The United States has warned Iraq, among a number of other countries, of the consequences of extending military cooperation with Russia, and striking deals to purchase advanced weaponry, particularly the S-400 surface-to-air missile defense systems.
US State Department spokeswoman Heather Neuert said on Thursday that Washington has contacted many countries, including Iraq, to explain the significance of the Countering America’s Adversaries Through Sanctions Act (CAATSA), and possible consequences that would arise in the wake of defense agreements with Moscow.
On August 2, 2017, US President Donald Trump signed into law the CAATSA that imposed sanctions on Iran, North Korea, and Russia.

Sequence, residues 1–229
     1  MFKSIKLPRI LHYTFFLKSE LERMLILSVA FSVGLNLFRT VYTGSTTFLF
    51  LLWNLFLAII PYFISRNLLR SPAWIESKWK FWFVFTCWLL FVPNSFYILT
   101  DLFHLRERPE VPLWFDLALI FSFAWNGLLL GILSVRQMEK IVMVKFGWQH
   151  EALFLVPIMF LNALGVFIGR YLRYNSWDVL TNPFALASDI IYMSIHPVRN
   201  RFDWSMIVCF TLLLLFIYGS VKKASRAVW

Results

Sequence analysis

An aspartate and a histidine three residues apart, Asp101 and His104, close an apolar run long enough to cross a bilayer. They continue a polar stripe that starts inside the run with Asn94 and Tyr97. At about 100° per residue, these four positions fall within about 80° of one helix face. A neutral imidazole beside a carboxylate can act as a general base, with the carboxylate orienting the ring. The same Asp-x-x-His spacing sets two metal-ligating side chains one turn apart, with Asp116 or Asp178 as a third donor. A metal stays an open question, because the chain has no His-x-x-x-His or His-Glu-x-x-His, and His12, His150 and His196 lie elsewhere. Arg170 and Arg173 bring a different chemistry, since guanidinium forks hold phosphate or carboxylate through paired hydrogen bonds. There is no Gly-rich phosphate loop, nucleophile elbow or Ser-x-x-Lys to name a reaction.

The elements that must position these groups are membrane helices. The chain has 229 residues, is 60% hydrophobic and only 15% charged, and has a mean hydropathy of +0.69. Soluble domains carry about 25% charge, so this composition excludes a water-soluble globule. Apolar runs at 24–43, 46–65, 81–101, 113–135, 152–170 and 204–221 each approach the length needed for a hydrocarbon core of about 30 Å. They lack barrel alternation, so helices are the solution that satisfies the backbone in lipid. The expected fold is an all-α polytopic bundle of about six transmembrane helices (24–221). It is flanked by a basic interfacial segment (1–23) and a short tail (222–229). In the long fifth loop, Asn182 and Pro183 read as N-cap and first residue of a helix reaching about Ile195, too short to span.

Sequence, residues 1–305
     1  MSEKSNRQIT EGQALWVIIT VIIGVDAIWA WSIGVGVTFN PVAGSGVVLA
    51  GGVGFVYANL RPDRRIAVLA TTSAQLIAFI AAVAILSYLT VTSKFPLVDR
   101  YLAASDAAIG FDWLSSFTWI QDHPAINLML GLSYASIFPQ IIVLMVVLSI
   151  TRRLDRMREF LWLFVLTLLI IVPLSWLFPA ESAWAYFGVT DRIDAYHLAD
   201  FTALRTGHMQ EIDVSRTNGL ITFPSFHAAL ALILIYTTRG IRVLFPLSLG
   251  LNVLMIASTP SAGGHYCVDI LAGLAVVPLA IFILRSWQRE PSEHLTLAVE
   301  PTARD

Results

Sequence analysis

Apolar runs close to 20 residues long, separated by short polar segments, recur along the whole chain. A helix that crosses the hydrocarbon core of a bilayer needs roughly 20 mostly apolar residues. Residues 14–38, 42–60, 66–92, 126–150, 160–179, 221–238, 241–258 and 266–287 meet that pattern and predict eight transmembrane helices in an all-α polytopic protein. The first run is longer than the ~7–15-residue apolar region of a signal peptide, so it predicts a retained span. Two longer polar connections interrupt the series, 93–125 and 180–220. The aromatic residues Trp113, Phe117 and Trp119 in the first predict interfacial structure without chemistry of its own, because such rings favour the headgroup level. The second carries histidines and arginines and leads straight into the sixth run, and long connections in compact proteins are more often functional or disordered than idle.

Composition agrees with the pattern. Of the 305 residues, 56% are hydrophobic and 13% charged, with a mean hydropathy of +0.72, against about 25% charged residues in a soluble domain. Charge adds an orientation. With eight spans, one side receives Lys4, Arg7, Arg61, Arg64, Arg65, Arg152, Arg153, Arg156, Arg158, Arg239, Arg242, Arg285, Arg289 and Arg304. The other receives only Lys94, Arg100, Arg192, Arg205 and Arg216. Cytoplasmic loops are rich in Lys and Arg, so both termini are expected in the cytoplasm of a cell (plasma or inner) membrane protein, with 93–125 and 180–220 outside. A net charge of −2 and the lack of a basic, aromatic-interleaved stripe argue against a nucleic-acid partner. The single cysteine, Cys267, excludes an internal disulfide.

Neuert said she did not know whether Iraq and Russia have finalized an accord on the S-400 missile systems.
The remarks came only a few days after Saudi Arabia’s Arabic-language al-Watan newspaper reported that Baghdad is planning to buy Russian-made S-400 surface-to-air missile system from Moscow.
There are also reports that Iraqi Prime Minister Haider al-Abadi has tasked a team of advisers from the Iraqi Ministry of Defense and National Security Council to negotiate the purchase of the missile systems with Russian officials.
Earlier this month, Chairman of the Defense Committee of the Russian Federation Council, Colonel General Viktor Bondarev, named Syria, Iraq, Sudan and Egypt as the potential buyers of the defense systems.
Last week, Chief Executive Officer of Rostec, Russia’s state-owned corporation for promoting the development, production and export of high-tech industrial products, stated that Moscow is ready to sell its air defense systems to any country with security concerns.
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